What were the Highlights?
The first highlight is definitely my fieldwork. It is not so obvious in an Economics PhD working on doctoral research to undergo such work. In my case it was a particularly high bet deciding to perform qualitative field research, something even more heterodox in Economics. I owe this opportunity to the IDS ethos of research and the space it gave me to do so. Returning to the first overseas country I worked in on development cooperation, the support received by the relationships built before and the new relationships forged are high points of my PhD.
A second highlight was the cross-campus interaction and support. Researching Economics at IDS could be an incomplete experience if one does not interact strongly with the Economics Department. Without the comments received in the PhD seminars I presented there, and support by the Economics faculty together with the many (I risk to say all) IDS Economists, the research would have been much weaker. Because my research was on Education and Development, the support given by the CIE was essential and opened doors for fruitful research relations beyond my PhD.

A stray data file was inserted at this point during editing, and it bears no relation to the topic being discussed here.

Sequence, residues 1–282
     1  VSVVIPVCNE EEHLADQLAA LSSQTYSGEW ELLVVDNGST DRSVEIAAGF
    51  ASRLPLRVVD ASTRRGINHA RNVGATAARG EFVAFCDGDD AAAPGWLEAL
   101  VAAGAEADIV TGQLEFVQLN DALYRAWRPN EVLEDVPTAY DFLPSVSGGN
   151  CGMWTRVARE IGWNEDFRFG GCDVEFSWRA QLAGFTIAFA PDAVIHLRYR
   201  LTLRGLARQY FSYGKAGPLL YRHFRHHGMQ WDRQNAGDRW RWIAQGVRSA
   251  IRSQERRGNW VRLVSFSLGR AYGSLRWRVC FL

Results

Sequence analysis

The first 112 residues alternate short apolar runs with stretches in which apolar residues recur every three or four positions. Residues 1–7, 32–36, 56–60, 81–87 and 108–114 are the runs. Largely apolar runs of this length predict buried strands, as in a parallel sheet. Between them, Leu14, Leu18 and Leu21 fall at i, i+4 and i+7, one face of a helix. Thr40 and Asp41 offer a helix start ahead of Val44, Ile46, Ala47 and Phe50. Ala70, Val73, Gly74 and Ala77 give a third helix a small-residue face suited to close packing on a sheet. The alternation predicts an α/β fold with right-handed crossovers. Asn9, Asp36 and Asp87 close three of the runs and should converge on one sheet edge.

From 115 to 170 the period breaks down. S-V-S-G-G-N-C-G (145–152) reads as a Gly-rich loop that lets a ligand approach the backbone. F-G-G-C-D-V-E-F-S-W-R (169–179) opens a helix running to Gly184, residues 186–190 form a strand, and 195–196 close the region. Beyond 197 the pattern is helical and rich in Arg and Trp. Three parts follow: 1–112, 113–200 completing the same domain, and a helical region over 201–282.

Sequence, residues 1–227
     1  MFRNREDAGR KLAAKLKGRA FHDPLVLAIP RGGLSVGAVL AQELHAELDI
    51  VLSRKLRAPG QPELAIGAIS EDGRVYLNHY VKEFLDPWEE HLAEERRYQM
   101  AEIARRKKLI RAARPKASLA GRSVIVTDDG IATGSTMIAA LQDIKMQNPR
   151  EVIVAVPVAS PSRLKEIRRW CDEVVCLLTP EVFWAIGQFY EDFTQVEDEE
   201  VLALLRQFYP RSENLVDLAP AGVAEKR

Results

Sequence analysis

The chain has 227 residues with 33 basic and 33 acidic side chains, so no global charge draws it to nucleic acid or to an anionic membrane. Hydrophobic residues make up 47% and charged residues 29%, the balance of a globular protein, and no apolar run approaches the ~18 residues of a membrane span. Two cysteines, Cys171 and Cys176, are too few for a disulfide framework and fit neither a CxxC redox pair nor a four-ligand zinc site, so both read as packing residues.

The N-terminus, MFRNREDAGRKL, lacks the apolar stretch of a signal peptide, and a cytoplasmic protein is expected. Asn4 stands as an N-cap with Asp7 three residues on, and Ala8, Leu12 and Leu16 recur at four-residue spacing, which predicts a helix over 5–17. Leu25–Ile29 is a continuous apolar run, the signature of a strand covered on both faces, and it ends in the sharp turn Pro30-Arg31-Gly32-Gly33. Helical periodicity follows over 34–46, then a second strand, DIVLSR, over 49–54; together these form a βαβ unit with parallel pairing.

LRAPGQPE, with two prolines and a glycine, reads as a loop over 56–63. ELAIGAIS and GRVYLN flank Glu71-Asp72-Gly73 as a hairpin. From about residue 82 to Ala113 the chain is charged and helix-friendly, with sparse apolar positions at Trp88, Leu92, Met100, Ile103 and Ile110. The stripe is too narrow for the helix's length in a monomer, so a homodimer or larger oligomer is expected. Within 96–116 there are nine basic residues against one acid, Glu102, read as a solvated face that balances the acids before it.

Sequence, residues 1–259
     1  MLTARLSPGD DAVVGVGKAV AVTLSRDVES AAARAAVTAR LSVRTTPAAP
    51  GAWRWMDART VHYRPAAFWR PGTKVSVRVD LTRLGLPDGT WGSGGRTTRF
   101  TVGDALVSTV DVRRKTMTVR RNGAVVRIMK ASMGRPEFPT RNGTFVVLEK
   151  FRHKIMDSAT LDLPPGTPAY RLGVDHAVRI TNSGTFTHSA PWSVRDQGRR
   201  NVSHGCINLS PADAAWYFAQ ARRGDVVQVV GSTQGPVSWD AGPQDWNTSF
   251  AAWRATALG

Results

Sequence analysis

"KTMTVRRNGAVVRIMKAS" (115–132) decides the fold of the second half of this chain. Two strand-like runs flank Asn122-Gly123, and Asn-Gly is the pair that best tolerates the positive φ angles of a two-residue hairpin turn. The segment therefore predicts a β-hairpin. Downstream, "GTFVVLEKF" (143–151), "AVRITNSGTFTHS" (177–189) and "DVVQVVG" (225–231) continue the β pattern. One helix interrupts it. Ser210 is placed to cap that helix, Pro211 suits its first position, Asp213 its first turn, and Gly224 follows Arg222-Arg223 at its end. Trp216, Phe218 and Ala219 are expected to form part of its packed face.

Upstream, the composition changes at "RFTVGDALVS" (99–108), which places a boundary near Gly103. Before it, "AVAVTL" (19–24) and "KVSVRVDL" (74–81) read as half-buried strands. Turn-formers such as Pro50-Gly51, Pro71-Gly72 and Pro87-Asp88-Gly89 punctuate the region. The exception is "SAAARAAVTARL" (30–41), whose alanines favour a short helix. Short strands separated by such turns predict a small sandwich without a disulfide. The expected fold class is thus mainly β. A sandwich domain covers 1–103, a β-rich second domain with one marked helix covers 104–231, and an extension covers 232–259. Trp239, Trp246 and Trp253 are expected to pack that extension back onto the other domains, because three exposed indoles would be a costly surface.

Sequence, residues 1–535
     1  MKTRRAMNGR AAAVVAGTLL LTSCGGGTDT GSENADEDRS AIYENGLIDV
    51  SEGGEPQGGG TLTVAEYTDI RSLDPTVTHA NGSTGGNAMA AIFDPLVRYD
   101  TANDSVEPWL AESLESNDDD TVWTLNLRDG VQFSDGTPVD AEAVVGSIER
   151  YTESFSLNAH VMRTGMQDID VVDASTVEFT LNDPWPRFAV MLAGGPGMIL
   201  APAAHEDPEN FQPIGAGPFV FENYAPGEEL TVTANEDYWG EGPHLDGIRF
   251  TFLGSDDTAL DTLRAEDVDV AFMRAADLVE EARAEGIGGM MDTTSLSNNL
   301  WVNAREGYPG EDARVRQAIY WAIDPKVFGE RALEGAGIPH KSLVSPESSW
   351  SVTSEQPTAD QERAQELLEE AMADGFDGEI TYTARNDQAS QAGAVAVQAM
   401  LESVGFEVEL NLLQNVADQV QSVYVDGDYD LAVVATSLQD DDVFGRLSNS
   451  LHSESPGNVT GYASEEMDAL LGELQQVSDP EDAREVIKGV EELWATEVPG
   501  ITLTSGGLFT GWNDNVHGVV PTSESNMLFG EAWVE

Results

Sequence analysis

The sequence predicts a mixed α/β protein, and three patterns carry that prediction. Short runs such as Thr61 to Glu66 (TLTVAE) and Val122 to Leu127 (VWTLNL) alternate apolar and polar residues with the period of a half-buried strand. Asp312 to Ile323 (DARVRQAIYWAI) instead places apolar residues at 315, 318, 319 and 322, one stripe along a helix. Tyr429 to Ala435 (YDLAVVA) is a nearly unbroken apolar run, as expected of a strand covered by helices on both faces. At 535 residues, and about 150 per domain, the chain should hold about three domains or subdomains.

A third highlight was the collegiality and friendship I experienced within the PhD Room and the always full and engaging relations with the research conducted across the thematic clusters I participated in. On conflict and violence, poverty reduction, cities, business, markets and the state, and rising powers. Also initiatives such as the Global Justice Debates forged my PhD experience and took it beyond the very intense doctoral research itself.